4. Remove from the water, gently squeeze them till a bit dry and arrange in a dish.
  5. Drain on absorbent paper, then soak them in warm water for about 5 minutes. This will draw out the excess oil.
  • Yogurt
  • Water
  • Grated ginger
  • Cumin powder
  • Salt
  1. Whisk yogurt and water to a thick yet runny consistency, add the remaining ingredients.
  2. Pour over the dumplings.
  3. Tarka with urud dal, curry leaves, asephoetida (hing) powder – a pinch, mustard seeds and dried red chili.
  4. Remove from the heat and ad 1/2 tsp red chili powder into the hot oil.
  5. Pour over the yoghurt-vada mixture in dish.
  6. Garnish with plenty of chopped coriander.

IMG_1499

To die for.

Rice Dishes

Tried out a number of easy rice dishes, all good, all quickly done. You could either use a rice cooker or make it in a pan.

CoconutMilk

SONY DSC
SONY DSC

Coconut Rice

  • 1 cup rice
  • big onions, chopped
  • green chili
  • cinnamon stick, broken
  • 1 cup coconut milk
  • 1 cup water
  • Salt
  1. Sputter the cinnamon stick in hot oil, add the chopped onion and green chili and brown.
  2. Add basmati rice, then the salt, mix well.
  3. Mix the coconut milk and water, add and cook till just done.
  4. Tarka with mustard seeds, urud dal, dry red chilies, curry leaves.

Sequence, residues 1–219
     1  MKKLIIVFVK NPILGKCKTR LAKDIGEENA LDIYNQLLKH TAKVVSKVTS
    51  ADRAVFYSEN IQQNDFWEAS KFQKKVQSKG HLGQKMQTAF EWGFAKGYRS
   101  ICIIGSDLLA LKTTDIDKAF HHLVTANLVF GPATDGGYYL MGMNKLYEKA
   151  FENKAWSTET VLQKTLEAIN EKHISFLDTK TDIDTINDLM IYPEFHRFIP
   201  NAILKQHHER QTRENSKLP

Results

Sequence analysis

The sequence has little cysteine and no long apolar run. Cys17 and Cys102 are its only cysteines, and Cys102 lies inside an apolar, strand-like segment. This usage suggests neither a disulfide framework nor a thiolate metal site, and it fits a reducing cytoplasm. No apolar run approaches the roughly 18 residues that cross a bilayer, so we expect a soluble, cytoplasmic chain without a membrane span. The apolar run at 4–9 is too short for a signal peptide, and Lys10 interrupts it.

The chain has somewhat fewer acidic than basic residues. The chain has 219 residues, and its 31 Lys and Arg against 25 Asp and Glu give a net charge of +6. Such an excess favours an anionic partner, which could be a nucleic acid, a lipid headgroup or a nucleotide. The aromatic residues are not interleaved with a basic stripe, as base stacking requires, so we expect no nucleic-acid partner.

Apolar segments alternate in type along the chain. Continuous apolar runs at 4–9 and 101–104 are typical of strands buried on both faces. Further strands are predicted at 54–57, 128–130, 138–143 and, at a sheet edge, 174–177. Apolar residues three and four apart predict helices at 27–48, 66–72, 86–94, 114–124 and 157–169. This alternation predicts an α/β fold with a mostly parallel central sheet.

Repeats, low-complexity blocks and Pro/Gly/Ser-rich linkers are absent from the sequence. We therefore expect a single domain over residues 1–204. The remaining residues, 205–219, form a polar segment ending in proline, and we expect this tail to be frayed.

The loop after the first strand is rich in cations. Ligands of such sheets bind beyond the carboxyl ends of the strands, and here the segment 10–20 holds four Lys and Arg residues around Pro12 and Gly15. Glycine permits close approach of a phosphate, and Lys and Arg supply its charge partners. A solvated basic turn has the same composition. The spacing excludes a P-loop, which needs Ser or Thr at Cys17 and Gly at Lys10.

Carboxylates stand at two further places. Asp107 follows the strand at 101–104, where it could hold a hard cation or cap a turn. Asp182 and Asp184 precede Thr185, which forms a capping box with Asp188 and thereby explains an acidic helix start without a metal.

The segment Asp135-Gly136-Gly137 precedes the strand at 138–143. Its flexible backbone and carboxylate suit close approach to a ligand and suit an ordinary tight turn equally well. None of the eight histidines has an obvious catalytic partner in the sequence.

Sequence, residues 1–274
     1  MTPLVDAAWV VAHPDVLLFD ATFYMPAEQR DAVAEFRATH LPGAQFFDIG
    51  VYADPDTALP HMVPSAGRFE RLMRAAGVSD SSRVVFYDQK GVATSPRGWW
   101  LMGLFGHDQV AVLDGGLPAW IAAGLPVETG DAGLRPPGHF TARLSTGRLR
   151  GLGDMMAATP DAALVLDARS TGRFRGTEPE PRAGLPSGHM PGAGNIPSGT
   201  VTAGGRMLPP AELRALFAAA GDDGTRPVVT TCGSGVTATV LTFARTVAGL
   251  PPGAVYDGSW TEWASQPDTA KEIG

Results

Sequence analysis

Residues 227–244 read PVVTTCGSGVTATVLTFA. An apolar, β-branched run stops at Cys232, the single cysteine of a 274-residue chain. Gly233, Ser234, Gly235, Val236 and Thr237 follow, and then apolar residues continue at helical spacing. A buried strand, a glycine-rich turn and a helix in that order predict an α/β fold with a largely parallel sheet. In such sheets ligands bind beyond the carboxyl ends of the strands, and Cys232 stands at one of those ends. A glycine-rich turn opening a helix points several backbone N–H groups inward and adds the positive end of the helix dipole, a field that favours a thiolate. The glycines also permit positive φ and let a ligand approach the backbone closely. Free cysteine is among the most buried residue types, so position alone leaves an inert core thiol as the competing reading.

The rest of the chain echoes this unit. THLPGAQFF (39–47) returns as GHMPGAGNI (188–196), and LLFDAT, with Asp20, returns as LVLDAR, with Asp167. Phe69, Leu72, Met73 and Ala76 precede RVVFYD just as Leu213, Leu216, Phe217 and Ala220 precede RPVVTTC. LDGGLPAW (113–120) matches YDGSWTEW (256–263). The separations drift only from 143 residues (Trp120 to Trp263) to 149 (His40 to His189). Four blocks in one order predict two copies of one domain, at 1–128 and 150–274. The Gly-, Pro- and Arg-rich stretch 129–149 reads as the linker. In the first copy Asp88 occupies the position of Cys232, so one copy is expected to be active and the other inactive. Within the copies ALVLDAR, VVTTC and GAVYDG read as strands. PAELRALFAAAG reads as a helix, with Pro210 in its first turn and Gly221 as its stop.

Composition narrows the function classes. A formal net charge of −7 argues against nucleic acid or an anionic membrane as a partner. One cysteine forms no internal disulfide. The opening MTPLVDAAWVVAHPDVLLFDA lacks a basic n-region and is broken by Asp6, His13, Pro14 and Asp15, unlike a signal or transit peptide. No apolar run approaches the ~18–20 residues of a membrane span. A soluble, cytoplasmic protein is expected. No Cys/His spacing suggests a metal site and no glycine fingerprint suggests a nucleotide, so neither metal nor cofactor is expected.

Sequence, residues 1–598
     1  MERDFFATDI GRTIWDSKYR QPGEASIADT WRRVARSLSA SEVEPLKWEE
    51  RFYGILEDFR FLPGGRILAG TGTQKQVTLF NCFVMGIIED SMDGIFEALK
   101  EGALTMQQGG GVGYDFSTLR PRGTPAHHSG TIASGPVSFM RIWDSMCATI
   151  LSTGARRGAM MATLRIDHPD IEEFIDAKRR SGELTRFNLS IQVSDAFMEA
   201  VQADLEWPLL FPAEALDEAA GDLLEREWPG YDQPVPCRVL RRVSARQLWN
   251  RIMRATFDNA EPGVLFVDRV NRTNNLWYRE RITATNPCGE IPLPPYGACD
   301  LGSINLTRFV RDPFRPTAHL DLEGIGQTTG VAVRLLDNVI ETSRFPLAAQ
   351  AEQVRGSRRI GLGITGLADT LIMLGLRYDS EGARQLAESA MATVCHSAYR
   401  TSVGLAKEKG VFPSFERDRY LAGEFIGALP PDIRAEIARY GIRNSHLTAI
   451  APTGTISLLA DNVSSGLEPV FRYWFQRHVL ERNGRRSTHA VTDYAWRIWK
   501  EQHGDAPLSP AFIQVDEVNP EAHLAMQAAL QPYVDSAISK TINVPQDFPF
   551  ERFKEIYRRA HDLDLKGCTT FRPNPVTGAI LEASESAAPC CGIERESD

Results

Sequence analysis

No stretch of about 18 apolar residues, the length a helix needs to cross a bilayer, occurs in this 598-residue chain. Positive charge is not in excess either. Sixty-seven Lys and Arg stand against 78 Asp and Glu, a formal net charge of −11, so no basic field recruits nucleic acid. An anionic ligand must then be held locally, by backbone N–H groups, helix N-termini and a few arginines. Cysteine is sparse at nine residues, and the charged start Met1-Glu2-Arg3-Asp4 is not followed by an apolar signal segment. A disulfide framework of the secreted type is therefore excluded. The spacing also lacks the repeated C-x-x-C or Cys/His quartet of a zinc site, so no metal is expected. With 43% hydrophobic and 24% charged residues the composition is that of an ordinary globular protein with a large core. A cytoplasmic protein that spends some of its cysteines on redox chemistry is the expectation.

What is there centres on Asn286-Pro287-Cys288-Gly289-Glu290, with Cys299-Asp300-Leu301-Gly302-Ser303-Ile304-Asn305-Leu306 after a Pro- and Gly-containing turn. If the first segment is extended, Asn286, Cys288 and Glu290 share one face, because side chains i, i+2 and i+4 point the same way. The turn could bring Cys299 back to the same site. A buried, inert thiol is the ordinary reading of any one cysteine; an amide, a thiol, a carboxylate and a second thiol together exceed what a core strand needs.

Mushroom Rice

  • Big onions, chopped
  • garlic, chopped
  • 1 star anise
  • lots of sliced button mushrooms
  • chicken stock
  • green peas
  • lots of coriander leaves
  • salt
  • 1 cup basmati rice
  • 2 cups warm water

 

  1. Sputter the star anise in hot oil, add the chopped onion and green chili and brown.
  2. As it turns golden, add the mushrooms and peas and stir till just turned colour. Add basmati rice, then the salt, mix well.
  3. Add the coriander leaves and the chicken stock (either as liquid stock with the water, in which case adjust the amount of water accordingly, or crumble the stock cube into the rice).
  4. Add the water and cook till just done.

 

Mint Rice

  • Oil
  • Cumin seeds
  • Fennel seeds
  • Green chilies
  • Cloves
  • Big onions, chopped fine
  • lots of fresh, chopped mint leaves
  • Salt
  • 1 1/2 cups Basmati rice, washed, drained
  • 2 3/4 cups warm water
  1. Sputter the cloves in hot oil, add cumin and fennel. Then add the chopped onion and green chili and brown.
  2. As it turns golden, add lots of chopped mint and keep stirring till brown. Add basmati rice, then the salt, mix well.
  3. Add the water and cook till just done.

Pictures off the net, and thanks for the loan.

Murgh Methi Malai aka Chicken with Cream and Methi

This chicken dish was done in a very short time. The fresh fenugreek leaves made all the difference, I think, compared to the dried ones. Whatever the reason, this one is a winner.

  • 500g chicken breasts or thighs, cubed
  • 3 big onions, on the smaller side
  • 6 cloves garlic
  • 1 inch knob of ginger
  • 2 or 3 green chilies